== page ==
GMAT® PREP

Not all GMAT prep
is created equal.

Prepare for the GMAT your own way. Immerse yourself in comprehensive GMAT Coursework or start with more targeted, adaptive GMAT prep. Whatever direction you choose, our expert GMAT resources, courses, and instructors will equip you for the test.

New Home, Same Manhattan Prep

We've got a new home for GMAT. Browse our expert-led programs and meet our amazing 99th percentile teachers. Nothing's changed. We've just got a fresh set of paint!

How do you prep for the GMAT?

Everyone studies for the GMAT differently. Whether you take a GMAT course or work one on one with a private GMAT tutor, our 99th-percentile GMAT experts can help you get the score you need.

Live Online GMAT Prep

Our GMAT Complete Courses are led by an expert GMAT instructor who will help guide every step of your GMAT preparation.

EXPLORE COURSES

Private GMAT Tutoring

Get a personal GMAT coach who will build out your customized study plan and calendar to help you reach your GMAT score goal.

EXPLORE TUTORING OPTIONS

BRILLIANT INSTRUCTORS

Our instructors are experienced teachers that adapt to your individual learning style.

SMALLER CLASSES

We limit our class size to achieve the right balance of individual attention and active participation.

FIRST-RATE CURRICULUM

Our curriculum is written by our instructors, based on actual exam questions, and updated regularly.

ENJOYABLE COURSES

Who said test prep has to be boring? Our teachers make even the driest material interesting.

FAQs

The GMAT is an entrance exam used for MBA and other business programs; you can take it online or in-person. It tests your logical, analytical, and quantitative reasoning skills—all things you’ll need to excel in grad school. Getting ready for the GMAT can actually help you to get ready for b-school itself.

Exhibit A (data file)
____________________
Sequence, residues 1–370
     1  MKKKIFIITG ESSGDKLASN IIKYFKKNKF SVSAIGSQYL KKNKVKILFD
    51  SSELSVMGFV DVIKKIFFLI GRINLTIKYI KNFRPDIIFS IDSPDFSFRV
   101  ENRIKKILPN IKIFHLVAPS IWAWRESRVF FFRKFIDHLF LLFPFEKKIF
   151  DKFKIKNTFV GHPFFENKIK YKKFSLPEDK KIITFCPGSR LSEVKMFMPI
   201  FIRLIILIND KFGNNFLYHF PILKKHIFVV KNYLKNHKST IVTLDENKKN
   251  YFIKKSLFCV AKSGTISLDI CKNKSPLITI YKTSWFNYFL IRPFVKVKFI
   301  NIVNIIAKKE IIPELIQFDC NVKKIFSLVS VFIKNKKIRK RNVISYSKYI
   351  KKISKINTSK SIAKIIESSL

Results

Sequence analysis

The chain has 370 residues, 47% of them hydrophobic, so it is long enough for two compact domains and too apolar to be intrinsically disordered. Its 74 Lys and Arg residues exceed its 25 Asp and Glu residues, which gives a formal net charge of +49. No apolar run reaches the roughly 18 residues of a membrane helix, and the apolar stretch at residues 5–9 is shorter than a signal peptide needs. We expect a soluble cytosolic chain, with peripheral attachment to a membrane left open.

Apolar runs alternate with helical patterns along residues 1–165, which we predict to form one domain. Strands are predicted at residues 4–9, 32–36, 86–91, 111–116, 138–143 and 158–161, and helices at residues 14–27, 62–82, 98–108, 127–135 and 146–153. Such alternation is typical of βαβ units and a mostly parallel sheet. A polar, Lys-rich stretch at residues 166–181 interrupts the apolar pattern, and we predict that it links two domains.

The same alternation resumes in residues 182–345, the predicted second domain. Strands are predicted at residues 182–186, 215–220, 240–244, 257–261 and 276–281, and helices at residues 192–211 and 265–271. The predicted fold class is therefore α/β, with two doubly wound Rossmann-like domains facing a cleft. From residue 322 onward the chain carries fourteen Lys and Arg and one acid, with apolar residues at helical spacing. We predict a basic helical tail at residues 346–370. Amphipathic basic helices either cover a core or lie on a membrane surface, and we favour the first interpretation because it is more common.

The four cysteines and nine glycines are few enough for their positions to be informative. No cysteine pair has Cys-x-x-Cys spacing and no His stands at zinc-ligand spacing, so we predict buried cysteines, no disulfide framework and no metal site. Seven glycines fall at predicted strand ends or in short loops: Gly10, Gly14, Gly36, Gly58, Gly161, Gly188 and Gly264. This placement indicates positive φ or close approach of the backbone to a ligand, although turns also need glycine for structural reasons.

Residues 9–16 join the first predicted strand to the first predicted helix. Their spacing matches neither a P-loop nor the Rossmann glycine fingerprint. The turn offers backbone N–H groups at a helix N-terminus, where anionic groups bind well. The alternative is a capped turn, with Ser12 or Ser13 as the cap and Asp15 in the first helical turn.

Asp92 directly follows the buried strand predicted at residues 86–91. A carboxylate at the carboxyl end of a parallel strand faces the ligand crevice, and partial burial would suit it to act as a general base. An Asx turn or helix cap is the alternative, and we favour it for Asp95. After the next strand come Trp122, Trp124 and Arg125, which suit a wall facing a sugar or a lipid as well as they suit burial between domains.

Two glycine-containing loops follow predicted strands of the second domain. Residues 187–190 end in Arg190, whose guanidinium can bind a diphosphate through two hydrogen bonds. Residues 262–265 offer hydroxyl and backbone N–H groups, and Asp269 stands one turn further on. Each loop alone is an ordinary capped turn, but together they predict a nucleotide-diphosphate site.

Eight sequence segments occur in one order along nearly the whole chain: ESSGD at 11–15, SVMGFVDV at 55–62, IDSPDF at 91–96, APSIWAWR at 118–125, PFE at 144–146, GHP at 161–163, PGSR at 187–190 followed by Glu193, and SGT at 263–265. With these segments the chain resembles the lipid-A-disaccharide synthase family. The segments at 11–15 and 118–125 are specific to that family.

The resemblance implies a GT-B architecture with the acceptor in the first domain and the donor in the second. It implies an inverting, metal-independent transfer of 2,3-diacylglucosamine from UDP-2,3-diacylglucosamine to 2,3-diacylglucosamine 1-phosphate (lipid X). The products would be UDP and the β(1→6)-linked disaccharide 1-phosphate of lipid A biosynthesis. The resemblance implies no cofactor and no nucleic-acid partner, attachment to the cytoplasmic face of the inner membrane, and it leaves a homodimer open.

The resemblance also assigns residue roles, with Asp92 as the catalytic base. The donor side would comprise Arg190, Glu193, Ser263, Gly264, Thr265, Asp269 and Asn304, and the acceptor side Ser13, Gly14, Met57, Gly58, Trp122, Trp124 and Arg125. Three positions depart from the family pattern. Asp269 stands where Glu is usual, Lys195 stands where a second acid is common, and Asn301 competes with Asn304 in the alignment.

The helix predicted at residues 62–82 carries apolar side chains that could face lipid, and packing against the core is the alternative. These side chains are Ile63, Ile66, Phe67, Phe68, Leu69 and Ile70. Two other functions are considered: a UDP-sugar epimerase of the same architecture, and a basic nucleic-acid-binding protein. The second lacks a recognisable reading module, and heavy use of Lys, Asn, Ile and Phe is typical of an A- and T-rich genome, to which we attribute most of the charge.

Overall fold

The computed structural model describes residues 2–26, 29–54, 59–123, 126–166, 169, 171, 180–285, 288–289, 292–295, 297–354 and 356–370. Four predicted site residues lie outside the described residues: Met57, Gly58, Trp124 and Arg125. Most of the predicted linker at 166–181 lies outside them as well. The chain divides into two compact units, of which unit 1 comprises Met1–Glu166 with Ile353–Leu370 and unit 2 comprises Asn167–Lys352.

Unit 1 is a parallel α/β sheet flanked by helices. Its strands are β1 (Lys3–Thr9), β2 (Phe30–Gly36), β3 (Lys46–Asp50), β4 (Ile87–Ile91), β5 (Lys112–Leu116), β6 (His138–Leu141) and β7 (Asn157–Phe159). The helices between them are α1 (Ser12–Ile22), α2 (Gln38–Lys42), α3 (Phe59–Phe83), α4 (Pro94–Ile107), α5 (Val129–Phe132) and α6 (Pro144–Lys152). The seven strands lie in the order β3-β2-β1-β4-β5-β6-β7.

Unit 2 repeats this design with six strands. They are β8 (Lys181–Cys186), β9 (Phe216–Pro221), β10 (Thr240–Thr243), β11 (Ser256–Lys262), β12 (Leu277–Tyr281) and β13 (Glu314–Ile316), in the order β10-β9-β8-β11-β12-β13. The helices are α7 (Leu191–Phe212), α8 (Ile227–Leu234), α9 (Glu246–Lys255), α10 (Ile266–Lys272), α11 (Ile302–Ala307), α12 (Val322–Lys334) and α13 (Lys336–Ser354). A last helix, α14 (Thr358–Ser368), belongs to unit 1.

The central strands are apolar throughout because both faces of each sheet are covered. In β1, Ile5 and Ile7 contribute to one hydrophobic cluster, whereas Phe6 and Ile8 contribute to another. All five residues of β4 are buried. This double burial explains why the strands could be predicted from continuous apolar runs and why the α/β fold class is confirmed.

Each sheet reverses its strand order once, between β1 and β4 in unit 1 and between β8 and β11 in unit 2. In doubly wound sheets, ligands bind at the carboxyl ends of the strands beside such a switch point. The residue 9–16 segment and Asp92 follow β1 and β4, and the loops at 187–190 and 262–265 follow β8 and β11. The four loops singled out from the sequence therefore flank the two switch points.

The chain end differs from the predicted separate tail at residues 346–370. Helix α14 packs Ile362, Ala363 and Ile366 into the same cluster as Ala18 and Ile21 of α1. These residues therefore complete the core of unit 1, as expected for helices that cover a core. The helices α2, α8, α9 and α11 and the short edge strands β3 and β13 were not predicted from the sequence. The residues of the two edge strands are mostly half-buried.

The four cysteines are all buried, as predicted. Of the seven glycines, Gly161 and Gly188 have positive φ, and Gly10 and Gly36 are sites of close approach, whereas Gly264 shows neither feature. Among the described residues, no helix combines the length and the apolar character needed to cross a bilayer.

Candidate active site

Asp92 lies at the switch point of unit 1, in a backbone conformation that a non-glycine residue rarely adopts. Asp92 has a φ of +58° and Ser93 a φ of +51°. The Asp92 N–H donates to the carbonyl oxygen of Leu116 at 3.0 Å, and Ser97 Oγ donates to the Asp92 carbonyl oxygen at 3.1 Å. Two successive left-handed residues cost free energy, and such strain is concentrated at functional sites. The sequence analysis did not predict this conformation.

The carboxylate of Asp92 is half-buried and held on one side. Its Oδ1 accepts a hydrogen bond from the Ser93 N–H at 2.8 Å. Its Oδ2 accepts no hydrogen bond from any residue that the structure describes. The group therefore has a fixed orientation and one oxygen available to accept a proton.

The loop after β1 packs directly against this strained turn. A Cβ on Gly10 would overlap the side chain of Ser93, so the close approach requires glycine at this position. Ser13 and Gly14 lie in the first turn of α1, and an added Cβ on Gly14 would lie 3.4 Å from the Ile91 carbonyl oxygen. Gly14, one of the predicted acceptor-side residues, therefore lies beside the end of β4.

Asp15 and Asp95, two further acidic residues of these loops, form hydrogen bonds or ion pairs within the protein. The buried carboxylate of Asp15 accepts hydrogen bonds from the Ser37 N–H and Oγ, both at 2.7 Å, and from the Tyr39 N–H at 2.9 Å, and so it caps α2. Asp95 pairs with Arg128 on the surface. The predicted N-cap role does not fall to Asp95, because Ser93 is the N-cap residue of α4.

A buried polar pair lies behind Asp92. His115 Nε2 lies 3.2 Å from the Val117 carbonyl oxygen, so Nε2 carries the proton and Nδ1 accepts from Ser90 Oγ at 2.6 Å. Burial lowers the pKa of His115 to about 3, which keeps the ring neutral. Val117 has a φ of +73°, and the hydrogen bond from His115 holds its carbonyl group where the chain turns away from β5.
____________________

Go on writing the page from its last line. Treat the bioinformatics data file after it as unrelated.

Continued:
Including breaks, you’ll spend a little less than 3.5 hours taking the GMAT. The GMAT consists of four sections: Quant, Verbal, Integrated Reasoning (a mix of quant and verbal), and the Essay (formally known as the Analytical Writing Assessment).

The GMAT is definitely not an easy exam. It’s a computer adaptive test (CAT), which means that it actually adapts to you as you take it. As you answer questions correctly, the test will give you harder ones (and, when you miss problems, it will give you easier ones). As a result, the GMAT feels hard for everybody, even when you’re well prepared. But there’s a big benefit: The process of studying for the GMAT will also help prepare you to excel in grad school.

A good GMAT score is one that’s above the average for your target school. Most schools publish their average scores, so do your research. The GMAT is just one component of your application. You can still gain admission to a school even with a below-average-for-that-school score (by definition, lots of admitted students will be below the average!), but your chances improve if you are above a school’s average.

Studying for the GMAT is like taking a semester-long, university-level course, so you do have some work to do. (But you want to go to grad school, right? It shouldn’t be easy.) You’ll need three types of materials to get ready: Practice questions, practice tests, and material that teaches you the facts, rules, and strategies you’ll need in order to get better and faster at answering those questions. You can buy official practice questions and tests from the test-maker at mba.com—but the official materials don’t teach you how to get better. For that, look for material from a test-prep company. First, try all the free GMAT materials you can find, then decide what you want to buy.

Most people study for between 2 and 6 months. The timeframe depends on two major data points: Your current scoring level and the final score you want to get. Take a practice test to learn your current level. Look at the websites of your target schools to set a goal for your final score. If you’re looking for either a large score increase (200+ points) or an exceptionally high score (700+), you’ll probably be studying for 4 to 6 months.

Plan ahead! GMAT scores are good for 5 years, so ideally get your GMAT out of the way well before you have to start filling out applications. (US full-time programs typically release applications in June or July.) Consider starting your studies in January of the year in which you want to apply or even a year or two before that. Life intervenes sometimes—if you get a new job or a great promotion, you may want to put your GMAT studies on hold for 6 months to get yourself into the new groove.